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International Women’s Day: Reflections on representation

International Women's Day in Mexico

By Katie Usalis

Originally published in The Fulcrum, March 9th, 2022.

March 8 was International Women’s Day, established by our foremothers in 1910 as a day for women to join together and fight for equal rights. Although it has essentially evolved into International Virtue Signaling Day by governments, corporations and groups across the globe that aren’t actually doing much for women’s rights, I think it is an important opportunity to reflect on the status of women.

We at RepresentWomen are, of course, honoring this day by reflecting on the status of women in politics.

The valedictorian of gender balance is …

Thanks to the hard work of the Inter-Parliamentary Union, we know there are continued global trends towards gender balance. Since 1995, the global average of women in elected positions has increased from 11 percent to 26 percent. While still a far cry from gender balance, it’s great news that we’re headed in the right direction. Also exciting is that the Americas lead the way in the race towards gender balance, with 34 percent average regional representation – the highest share of representation in the world!

When I dug a bit deeper into these numbers, I realized pretty quickly that these gains in representation in the Americas are all thanks to our neighbors to the south: Mexico has 50 percent women in its government, Costa Rica has 46 percent, Argentina is at 45 percent … the list goes on. On top of that, Peru’s representation rates jumped by 14 percent and Chile’s by 13 percent — in one year! And the United States? In 2021, we dropped to 72nd in our global ranking for gender parity with a staggering average of 26 percent representation in Congress.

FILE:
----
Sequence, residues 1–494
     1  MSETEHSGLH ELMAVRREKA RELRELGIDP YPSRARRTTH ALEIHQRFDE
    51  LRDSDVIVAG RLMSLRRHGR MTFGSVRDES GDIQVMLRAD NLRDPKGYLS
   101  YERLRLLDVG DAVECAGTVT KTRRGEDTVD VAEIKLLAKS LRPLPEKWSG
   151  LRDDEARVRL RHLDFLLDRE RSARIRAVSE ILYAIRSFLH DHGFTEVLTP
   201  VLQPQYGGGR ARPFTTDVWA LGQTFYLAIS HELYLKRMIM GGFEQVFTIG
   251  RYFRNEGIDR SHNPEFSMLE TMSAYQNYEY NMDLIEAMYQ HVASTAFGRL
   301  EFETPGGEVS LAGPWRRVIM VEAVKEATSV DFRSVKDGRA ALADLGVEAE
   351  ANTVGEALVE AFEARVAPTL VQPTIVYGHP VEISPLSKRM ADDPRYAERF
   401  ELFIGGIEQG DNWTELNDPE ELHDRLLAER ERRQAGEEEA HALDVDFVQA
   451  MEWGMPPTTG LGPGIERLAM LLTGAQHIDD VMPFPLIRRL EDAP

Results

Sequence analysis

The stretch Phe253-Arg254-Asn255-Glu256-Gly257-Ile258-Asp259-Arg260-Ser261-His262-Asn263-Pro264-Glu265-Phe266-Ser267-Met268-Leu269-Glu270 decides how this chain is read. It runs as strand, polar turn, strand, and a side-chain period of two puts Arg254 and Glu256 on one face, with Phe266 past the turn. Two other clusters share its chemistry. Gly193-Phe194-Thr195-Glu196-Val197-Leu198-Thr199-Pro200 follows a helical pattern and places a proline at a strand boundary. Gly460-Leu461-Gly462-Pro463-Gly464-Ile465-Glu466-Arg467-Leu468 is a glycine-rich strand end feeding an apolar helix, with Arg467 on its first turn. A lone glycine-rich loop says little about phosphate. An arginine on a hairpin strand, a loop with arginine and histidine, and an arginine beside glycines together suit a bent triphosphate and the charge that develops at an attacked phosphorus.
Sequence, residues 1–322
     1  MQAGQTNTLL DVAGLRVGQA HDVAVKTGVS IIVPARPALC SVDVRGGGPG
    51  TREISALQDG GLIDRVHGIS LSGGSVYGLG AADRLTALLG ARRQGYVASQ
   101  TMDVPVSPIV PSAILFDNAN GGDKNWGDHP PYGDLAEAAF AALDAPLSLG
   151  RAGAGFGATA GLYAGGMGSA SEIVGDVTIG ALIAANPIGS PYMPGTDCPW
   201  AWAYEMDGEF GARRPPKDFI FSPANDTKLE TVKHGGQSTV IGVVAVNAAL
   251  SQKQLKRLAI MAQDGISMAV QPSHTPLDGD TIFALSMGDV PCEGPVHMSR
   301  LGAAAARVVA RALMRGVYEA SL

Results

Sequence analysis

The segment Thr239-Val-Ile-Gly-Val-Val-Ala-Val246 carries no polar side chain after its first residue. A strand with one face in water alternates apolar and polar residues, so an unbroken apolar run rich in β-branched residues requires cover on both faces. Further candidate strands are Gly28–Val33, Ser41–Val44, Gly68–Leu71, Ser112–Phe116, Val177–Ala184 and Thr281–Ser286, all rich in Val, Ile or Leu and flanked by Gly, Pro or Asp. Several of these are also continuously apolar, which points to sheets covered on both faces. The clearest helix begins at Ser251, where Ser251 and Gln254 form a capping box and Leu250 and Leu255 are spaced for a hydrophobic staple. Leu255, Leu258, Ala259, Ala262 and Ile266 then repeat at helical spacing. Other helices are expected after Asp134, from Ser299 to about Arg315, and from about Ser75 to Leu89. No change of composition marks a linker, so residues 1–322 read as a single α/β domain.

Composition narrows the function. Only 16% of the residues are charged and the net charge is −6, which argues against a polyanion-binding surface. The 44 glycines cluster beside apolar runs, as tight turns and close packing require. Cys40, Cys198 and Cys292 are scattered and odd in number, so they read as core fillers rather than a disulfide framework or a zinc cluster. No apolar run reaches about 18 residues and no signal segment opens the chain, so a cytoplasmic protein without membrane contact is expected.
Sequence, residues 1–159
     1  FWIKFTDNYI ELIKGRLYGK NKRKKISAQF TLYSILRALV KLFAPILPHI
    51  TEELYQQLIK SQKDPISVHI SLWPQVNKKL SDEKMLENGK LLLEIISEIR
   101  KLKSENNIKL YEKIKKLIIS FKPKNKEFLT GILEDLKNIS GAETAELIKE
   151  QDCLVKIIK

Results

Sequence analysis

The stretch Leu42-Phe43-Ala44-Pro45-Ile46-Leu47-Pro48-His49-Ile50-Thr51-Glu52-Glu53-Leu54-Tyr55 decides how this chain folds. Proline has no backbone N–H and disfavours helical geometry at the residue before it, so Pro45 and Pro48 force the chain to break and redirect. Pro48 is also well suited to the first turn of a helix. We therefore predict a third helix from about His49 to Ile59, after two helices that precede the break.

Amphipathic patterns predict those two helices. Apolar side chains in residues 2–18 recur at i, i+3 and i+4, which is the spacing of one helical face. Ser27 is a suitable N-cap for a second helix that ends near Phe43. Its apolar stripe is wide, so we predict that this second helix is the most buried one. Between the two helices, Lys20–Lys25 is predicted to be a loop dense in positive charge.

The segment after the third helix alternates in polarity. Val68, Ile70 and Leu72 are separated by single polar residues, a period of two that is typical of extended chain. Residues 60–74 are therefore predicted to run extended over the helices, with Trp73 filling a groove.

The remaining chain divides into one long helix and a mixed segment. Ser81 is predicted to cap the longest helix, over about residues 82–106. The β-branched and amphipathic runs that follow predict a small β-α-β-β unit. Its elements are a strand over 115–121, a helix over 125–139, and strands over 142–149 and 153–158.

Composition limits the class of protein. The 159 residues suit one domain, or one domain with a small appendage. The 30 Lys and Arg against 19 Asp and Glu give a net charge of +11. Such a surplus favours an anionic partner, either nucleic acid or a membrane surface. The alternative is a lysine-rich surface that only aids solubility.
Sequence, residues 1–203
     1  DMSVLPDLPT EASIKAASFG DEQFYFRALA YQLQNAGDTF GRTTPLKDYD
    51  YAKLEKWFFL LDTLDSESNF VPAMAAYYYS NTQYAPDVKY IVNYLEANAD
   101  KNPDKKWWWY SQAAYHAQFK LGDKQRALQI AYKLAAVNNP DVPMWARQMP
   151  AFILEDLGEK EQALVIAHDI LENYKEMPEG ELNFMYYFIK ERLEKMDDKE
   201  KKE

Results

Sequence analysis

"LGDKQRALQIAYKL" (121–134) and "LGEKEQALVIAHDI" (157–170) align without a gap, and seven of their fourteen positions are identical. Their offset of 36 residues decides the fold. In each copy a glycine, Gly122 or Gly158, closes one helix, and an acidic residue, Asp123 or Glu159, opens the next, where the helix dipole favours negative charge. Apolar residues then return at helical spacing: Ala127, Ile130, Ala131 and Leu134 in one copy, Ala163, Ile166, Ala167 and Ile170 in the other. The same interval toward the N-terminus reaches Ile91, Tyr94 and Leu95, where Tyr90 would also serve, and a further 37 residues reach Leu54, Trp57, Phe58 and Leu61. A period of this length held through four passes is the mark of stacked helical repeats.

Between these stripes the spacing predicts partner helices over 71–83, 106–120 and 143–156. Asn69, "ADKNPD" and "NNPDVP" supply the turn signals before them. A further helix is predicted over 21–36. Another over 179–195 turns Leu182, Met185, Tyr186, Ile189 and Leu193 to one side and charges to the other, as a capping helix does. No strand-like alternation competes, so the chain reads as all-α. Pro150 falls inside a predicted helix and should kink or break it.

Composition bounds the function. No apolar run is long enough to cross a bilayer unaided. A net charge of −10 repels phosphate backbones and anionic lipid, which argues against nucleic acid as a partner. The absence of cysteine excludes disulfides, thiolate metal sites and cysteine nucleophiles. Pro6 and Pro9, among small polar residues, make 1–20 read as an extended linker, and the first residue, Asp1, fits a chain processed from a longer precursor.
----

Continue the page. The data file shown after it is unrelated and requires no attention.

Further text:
The tools for success

So how are these countries achieving gender balance, and in record time? Oh I know, I know. It’s because the women running for office are more qualified and there’s just less gender bias there. 🙄

The democratic countries in the Americas that have achieved at least 40 percent representation in government have one thing in common: All of them have embraced policy tools that get at the root of gender imbalance. Most of them have adopted innovative gender quotas and modernized electoral systems that use proportional representation rather than winner-take-all voting. These system upgrades dismantle outdated structures fortified by built-in mechanisms that protect the status quo and keep diverse women out of office. These system upgrades clear out the cobwebs and create space for a 21st century democracy.

The good news is that there are efforts in the United States to advance similar system upgrades. Fair representation voting is an American, constitutional and candidate-based form of proportional representation that combines ranked-choice voting with multimember districts. Fair representation voting would not only help us take leaps towards catching up with our neighbors in the south, but it also means the views of voters are represented as accurately as possible.

Australia uses a form of fair representation voting for its Senate elections, and the gender balance rates speak for themselves: In the 73 years that they’ve used multiwinner RCV, Australians have gone from 3 percent to 51 percent representation of women in the Senate. The House, which uses single-winner RCV, does maintain above-average gender balance (31 percent representation in 2021), but has not experienced such rapid progress.

The urgency cannot be understated

Our current system was designed to protect the power of those already in office, and our history and culture has dictated that those incumbents are vastly white and male. To fan the flames of the incumbency advantage, redistricting has yet again shrunk the number of competitive districts, which we are already seeing the effects of in this year’s midterm elections. Add to this the fact that the United States is no longer considered a “full democracy,” and the urgency and necessity of reform cannot be understated.

It is evident that we need the best and the brightest to tackle these challenges facing our democracy, and cutting women out of the equation severely limits the candidate pool. To overcome powerful systemic barriers like these we need powerful systems change. As seen in Australia, fair representation voting will produce continued progress and lasting effects. Add other critical reforms like expanding the House and we will create more open seats that women also have a greater chance of winning.

It’s time we clear out the cobwebs and bring our democracy into the 21st century.

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